The recently released summary of the U.S. government’s “black budget” showed that 35,000 people were employed and $11 billion spent annually in the Department-of-Defense-wide Consolidated Cryptologic Program. That’s a hefty sum, but it isn’t what I’m getting at.
Nor is this about security risks posed by the voluminous revelations of NSA surveillance and subversion of Internet standards provided by Ed Snowden, who has interpreted “See something, say something” in a novel way. Law enforcement and others will grimly warn us, as usual, that the surveillance’s exposure will soon have us hip-deep in drug traffickers, child pornographers, and terrorists.
No, I am wondering about the economic loss to U.S. companies caused by worldwide concerns about storing sensitive data where the U.S. government has easy covert access. And given the overwhelming U.S. dominance in the field, what will this mean for cloud computing in general?
We have been discussing the foreign concerns over the USA PATRIOT Act, especially from the European Union, in Learning Tree’s Cloud Security Essentials course for some time now. This summer’s revelations have greatly amplified these concerns. What will happen?
Daniel Castro of the Information Technology and Innovation Foundation has attempted to estimate the range of possible impacts in his interesting paper, “How Much Will PRISM Cost the U.S. Cloud Computing Industry?”.
As he explains, 41.5% of the investments made by cloud computing service providers in 2011 came from companies outside North America. Over the period 2012-2016, global spending on cloud computed is expected to grow by up to 100% while the global IT market grows only 3%.
The ITIF estimates a three-year loss over 2014 through 2016 ranging from $21.5 billion to $35 billion, depending on the U.S. cloud computing industry’s reduction in foreign market share to European and Asian competitors ranging from 10% to 20%. It’s interesting that the high-end estimate is pretty close to the annual cost of the Consolidated Cryptologic Program. Spend $11 billion in order to lose $11 billion, annually. If you keep that up long enough, you might start to notice an effect on national security.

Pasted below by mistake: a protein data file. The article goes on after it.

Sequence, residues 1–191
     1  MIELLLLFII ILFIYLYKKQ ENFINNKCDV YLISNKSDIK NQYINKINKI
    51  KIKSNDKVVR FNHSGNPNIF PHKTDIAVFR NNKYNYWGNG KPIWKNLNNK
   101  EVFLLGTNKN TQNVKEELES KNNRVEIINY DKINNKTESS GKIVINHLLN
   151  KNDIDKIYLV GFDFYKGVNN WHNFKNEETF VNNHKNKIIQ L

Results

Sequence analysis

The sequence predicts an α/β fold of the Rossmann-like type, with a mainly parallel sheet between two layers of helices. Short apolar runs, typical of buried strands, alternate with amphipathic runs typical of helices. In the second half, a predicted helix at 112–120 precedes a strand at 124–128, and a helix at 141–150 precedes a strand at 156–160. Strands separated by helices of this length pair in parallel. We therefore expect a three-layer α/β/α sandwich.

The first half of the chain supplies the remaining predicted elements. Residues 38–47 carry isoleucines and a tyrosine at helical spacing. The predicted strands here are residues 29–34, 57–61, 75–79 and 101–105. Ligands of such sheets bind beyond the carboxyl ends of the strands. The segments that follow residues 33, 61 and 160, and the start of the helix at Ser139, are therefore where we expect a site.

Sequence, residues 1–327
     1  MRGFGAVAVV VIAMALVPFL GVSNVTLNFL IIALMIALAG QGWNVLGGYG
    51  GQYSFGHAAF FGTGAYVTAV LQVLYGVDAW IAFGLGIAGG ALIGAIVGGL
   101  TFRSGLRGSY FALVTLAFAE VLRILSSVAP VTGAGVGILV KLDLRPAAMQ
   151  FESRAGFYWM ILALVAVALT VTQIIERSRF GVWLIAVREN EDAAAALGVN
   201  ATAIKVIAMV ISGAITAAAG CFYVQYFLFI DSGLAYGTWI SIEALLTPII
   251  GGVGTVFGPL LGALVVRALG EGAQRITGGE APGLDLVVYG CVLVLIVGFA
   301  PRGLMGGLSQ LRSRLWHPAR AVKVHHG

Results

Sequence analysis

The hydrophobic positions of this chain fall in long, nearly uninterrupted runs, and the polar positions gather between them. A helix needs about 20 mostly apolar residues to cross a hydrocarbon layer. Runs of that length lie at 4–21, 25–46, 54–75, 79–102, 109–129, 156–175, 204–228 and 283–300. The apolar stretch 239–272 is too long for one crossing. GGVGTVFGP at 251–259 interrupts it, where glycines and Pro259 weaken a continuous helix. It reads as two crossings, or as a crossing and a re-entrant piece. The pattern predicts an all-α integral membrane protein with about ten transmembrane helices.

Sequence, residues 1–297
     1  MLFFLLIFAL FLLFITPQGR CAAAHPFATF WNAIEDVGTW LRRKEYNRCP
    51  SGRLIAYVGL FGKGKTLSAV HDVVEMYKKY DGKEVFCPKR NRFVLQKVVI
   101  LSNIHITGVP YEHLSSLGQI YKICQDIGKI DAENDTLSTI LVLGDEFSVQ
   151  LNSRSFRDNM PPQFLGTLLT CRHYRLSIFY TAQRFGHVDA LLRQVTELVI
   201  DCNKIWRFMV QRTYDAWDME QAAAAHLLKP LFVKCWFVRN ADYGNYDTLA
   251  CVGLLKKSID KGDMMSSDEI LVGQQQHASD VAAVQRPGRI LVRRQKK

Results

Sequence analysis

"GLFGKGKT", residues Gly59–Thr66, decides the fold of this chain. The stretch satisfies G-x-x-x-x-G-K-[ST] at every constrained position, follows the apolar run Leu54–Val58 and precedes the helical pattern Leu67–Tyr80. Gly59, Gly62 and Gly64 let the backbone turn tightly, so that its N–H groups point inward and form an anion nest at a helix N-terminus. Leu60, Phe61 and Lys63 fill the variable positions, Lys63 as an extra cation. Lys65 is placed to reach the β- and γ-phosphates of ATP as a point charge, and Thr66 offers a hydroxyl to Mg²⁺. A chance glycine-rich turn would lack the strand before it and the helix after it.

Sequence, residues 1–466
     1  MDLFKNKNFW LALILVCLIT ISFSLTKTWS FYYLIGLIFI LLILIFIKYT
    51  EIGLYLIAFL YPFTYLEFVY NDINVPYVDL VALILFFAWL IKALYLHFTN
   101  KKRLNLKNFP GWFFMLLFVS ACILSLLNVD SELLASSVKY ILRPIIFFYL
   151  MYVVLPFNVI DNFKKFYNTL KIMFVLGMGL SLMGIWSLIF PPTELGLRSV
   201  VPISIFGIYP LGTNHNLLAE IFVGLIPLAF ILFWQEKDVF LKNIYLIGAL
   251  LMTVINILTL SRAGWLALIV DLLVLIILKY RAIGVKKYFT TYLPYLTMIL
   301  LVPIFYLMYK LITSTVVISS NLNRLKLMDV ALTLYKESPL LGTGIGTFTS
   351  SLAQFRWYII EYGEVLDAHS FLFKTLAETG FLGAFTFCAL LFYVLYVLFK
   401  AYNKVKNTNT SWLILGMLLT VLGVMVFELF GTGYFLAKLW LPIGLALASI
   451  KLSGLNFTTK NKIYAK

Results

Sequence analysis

Forbes and other serious financial publications have noticed and commented on the report. The Cloud Security Alliance surveyed its members back in June and July, finding that 10% of non-U.S. respondents reported having canceled a project with a U.S.-based cloud provider, and 56% said that they would be less like to use a U.S.-based cloud computing service. Of the U.S.-based respondents, 36% reported that the sudden public awareness of details of NSA surveillance had made it more difficult for them to do business outside the U.S.
E.U. governments are definitely upset. The German Interior Minister announced “Whoever fears their communication is being intercepted in any way should use services that don’t go through American servers”, the German commissioner of data protection and freedom of information said “The U.S. government must provide clarity regarding these monstrous allegations of total monitoring of various telecommunications and Internet services”, and a German Justice Minister called for a boycott of U.S. companies.
Meanwhile, still in Germany, the G10 act allows German intelligence officials to monitor telecommunications without a court order, and a 2012 IDC study concluded that “The PATRIOT Act is nothing special” and governments routinely use mutual legal assistance treaties to access data held by third parties.
What will come of all this? It will be interesting to watch.